ERIC Number: ED216388
Record Type: RIE
Publication Date: 1981-Apr
Reference Count: 0
Designing an English Curriculum for Prisons.
Schell, John F.
Teaching composition in a prison is different from teaching composition in a traditional freshman composition classroom. Since most prison inmates have a high school equivalency degree earned while in prison, a developmental writing course offered prior to the standard freshman composition sequence is probably necessary. Such a class may include a little of everything--reading, writing, spelling, vocabulary building, grammar, mechanics, organization, study skills--because the inmates lack so much information. Inmates also need an explanation of academic jargon, such as "syllabus" and "credit hours". While much of the grammar work must be done by means of exercises and mechanical drills, as much writing as possible should be incorporated into the grammar study. The subsequent course in the freshman composition sequence may or may not need radical alteration. A modification of the basic subjective approach to composition may be a combination of the case approach to composition and letter writing. Persuasive writing is suitable because each student has a natural case to argue. The criteria of appeal and utility help to limit drastically the kinds of courses offered in the writing field of English. Technical rather than creative writing should be offered. If literature is to be taught, the reading should speak to the issues of honor, fidelity, tolerance, responsibility, consideration, discipline, and love. Although prison education is different in form and content from traditional instruction, the goal is the same: the encouragement of dignity and self-fulfillment for the good of society as a whole. (HOD)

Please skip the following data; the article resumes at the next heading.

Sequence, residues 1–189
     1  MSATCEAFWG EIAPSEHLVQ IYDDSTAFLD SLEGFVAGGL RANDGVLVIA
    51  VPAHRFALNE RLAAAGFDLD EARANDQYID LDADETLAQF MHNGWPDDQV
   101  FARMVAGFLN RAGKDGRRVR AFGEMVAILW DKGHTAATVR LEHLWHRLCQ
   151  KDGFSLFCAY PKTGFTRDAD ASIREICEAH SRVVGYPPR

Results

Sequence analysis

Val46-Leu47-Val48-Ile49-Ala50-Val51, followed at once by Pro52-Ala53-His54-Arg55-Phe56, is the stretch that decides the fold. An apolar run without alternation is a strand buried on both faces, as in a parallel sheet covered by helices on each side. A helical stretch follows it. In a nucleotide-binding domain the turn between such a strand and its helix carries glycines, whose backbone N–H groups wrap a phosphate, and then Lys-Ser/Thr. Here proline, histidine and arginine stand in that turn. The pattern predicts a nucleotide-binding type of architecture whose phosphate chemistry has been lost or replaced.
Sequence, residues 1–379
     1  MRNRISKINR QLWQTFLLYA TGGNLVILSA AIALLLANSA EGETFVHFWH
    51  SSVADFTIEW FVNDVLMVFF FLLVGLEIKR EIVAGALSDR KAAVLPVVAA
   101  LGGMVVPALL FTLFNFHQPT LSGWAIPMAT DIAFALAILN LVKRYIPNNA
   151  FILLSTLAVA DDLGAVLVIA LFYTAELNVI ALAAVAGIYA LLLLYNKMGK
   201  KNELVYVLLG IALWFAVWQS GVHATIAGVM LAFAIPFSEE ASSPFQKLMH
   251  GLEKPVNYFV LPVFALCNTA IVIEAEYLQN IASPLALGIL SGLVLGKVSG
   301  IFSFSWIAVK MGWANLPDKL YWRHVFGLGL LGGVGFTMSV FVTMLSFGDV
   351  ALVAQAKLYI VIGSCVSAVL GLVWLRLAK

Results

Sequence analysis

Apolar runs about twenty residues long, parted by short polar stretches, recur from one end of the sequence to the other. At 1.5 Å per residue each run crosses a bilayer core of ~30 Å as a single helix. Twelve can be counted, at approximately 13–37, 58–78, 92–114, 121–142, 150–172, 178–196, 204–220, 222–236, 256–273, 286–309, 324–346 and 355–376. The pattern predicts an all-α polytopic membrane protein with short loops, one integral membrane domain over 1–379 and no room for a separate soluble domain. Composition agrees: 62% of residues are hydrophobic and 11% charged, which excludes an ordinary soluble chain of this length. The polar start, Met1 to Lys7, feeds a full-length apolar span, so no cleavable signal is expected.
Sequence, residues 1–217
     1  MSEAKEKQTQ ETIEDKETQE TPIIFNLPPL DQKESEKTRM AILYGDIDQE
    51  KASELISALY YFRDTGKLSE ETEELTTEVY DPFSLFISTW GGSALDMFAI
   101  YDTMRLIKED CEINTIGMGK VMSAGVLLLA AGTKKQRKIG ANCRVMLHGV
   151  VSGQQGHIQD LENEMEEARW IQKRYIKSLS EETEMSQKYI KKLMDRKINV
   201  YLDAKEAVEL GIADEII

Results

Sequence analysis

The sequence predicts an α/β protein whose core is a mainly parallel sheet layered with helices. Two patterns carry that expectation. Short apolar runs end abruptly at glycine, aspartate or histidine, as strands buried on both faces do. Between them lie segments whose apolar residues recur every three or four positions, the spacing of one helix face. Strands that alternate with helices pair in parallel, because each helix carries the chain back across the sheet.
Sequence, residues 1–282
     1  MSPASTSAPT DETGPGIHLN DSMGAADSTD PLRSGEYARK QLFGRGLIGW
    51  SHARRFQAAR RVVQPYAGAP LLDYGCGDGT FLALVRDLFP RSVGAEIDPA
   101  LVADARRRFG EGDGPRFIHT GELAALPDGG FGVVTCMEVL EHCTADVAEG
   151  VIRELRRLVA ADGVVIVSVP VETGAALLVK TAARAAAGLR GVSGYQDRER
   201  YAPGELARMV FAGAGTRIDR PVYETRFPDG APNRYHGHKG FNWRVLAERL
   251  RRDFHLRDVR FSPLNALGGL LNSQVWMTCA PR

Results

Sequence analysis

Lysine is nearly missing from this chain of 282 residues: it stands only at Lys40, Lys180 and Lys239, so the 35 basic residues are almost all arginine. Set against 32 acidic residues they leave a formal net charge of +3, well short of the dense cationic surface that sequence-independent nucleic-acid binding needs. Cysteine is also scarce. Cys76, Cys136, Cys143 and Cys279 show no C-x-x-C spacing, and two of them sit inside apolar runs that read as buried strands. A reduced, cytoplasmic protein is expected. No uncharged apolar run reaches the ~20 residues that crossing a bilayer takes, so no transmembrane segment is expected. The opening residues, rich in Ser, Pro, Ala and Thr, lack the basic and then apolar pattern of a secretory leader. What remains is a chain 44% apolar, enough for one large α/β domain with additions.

Publication Type: Guides - Classroom - Teacher; Speeches/Meeting Papers
Education Level: N/A
Authoring Institution: N/A
Note: Paper presented at the Annual Meeting of the College English Association (12th, Cherry Hill, NJ, April 2-4, 1981).